I was fishing for bass. I chose a surface lure – a Jitterbug. I positioned the boat where the bass were. The net was nearby. It was the right time of day. My first cast was long and well-positioned. I had barely cranked the reel enough to get the slack out of the line when something raised itself slowly up out of the water the way porpoise or whales do.
The bait was taken by a pike or maybe a musky. It had to have been at least 36 inches long. I set the hook with force and it swam casually down into the weeds. I used the fish as an anchor reeling and pulling the boat directly over its head. I proceeded to tug the large fish along with a hundred pounds of weeds upward.
All of a sudden I had a sinking feeling in my gut. Who expects the unexpected? I was fishing for 2 – 3 pound bass not 10 – 20 pound pike. The drag wasn’t working on my reel. (The drag is a mechanism that enables the reel to be set at a specific tension which allows the reel to slide to avoid breaking the line).
Everything from that point on seemed to happen in slow motion. The fish was in full view, relaxed, almost majestic; not fighting – almost indifferent; sunning itself. It began to swim ever so slowly away, right past me, taunting me and stretching the line to its breaking point. I rubbed my thumb raw trying to adjust the broken drag, and, before I could think to push the button to disengage the tension, the line snapped and my potential trophy swam away unaware we were connected for a time by a string.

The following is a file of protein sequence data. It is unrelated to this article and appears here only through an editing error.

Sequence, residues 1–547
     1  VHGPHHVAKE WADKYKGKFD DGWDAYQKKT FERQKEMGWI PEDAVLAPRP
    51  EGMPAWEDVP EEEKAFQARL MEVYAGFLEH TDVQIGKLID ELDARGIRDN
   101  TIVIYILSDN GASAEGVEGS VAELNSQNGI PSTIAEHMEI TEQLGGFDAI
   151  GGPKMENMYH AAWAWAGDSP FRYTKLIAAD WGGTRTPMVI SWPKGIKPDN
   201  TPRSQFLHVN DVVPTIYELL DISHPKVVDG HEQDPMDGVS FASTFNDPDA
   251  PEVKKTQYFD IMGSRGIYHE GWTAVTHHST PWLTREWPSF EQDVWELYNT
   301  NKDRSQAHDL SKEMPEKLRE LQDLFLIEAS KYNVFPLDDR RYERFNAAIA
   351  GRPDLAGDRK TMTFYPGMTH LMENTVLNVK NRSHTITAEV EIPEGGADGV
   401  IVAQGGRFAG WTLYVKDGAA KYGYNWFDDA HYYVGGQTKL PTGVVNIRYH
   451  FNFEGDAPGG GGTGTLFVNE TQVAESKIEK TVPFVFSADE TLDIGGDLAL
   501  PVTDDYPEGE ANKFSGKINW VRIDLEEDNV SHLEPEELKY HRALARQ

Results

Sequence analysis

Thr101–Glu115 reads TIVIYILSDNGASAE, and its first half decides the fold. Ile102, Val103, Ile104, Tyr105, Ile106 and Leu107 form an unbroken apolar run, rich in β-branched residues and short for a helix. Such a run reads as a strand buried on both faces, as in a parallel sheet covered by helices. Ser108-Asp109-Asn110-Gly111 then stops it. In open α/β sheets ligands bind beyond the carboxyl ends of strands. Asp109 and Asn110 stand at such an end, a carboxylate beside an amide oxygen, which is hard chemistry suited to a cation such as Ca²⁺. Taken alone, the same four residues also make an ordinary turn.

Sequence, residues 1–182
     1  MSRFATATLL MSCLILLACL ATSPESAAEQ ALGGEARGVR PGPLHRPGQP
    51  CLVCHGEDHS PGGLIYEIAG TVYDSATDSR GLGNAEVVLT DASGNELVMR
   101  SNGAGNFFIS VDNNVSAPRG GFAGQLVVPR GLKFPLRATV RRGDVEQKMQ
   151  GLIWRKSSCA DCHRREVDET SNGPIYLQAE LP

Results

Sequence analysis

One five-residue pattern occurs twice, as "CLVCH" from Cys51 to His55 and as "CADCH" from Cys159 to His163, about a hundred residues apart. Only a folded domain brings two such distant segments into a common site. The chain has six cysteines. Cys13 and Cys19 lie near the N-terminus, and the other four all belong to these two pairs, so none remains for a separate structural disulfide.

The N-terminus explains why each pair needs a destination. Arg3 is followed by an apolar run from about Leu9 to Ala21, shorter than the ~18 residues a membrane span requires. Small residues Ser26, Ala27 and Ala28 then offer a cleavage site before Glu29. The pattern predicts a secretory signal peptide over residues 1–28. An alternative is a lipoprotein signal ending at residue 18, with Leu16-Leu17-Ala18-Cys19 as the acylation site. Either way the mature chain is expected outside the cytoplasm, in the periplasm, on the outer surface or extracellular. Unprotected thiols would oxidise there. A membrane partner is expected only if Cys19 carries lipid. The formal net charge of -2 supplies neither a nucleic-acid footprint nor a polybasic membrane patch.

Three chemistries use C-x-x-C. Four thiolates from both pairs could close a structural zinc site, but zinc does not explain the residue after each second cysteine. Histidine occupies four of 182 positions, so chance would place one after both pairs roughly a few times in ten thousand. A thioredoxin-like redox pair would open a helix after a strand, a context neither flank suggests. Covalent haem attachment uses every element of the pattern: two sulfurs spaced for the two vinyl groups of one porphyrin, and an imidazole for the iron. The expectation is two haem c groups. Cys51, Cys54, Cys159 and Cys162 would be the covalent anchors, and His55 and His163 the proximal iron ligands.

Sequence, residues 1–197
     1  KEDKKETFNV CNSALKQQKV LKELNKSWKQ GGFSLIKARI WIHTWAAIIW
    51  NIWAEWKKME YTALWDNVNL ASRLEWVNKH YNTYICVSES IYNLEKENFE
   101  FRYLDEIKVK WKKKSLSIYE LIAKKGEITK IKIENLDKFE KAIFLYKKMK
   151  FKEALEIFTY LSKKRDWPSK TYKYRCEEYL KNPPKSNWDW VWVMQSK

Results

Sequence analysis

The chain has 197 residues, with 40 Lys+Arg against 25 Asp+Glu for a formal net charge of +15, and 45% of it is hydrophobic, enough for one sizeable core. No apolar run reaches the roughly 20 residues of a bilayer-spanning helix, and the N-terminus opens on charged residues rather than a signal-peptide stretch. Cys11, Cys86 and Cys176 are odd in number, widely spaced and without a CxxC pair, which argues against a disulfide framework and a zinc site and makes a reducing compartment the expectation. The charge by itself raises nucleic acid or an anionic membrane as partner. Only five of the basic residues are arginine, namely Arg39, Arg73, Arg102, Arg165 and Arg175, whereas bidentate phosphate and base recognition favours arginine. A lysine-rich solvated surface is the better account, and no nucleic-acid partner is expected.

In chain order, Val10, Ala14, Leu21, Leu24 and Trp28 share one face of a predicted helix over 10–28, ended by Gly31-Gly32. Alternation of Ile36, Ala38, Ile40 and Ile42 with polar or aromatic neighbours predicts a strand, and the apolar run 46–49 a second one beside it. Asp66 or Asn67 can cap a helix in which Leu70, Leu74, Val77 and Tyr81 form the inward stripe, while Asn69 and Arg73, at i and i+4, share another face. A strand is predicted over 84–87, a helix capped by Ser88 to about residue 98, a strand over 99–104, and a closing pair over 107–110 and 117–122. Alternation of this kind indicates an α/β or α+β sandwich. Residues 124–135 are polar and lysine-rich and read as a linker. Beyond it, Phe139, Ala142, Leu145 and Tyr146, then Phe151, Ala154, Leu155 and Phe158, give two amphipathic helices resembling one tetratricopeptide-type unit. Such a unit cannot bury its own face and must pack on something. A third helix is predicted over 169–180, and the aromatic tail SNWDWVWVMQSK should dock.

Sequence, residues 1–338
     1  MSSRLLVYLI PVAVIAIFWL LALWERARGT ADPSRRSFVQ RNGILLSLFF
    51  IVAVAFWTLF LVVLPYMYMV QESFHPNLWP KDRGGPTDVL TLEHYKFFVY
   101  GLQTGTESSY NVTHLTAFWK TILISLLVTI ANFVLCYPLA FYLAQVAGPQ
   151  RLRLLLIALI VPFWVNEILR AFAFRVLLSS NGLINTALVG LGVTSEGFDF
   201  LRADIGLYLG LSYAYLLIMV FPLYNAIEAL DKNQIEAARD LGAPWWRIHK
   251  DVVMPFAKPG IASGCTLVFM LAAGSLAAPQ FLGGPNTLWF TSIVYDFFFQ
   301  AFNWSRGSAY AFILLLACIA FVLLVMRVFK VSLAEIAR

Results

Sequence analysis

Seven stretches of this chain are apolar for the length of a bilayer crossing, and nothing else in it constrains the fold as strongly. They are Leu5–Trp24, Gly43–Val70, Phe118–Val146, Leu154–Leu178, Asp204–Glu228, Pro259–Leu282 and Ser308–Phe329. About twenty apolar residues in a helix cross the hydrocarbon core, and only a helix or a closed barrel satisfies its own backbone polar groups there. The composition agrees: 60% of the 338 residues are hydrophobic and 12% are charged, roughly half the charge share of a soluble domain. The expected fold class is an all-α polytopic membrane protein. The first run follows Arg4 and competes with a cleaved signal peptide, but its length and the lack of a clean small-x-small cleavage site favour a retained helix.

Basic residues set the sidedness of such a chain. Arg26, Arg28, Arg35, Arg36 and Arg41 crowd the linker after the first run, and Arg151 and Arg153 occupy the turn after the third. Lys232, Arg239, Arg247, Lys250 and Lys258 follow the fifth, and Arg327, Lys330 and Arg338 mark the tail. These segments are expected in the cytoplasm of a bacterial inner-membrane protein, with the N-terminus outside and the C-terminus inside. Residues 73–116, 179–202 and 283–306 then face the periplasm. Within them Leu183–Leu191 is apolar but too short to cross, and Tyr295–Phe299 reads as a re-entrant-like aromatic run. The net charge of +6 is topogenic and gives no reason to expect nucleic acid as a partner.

When I was young my technique for establishing relationships was no different from my poor fishing skills. If I got lucky enough to hook something, I would invariably horse it in for the sake of the trophy with little consideration for the object of my affection. If fear would drive it down into the weeds, instead of allowing it to come up on its own, I would force it quickly back to the surface which only increases the fear.
I never considered a relationship to be based on two individuals willingly holding on to the same thread. Just because two people decide to take hold of the same string doesn’t obligate them to hang on. I know now the best way to strengthen someone else’s grip has nothing to do with my strength to hang on. If I want someone to hold on, the only thing I have the power to do is to increase my own value.
The understanding that lasting value comes from God and can never be taken away is the equivalent of having a functional, clean, well-oiled reel. It also allows you to have sufficient string so when someone tries to pull away you can let that string slide through your fingers without losing your grip or burning your hands.
I’m not sure if the mistakes I made fishing improved my relationship skills or the poor technique I applied to my relationships made me a better fisherman. I only know that if I continue to increase my value, all of my relationships will be better for it. It’s a drag losing fish after fish, but, not understanding why, that’s reel trouble.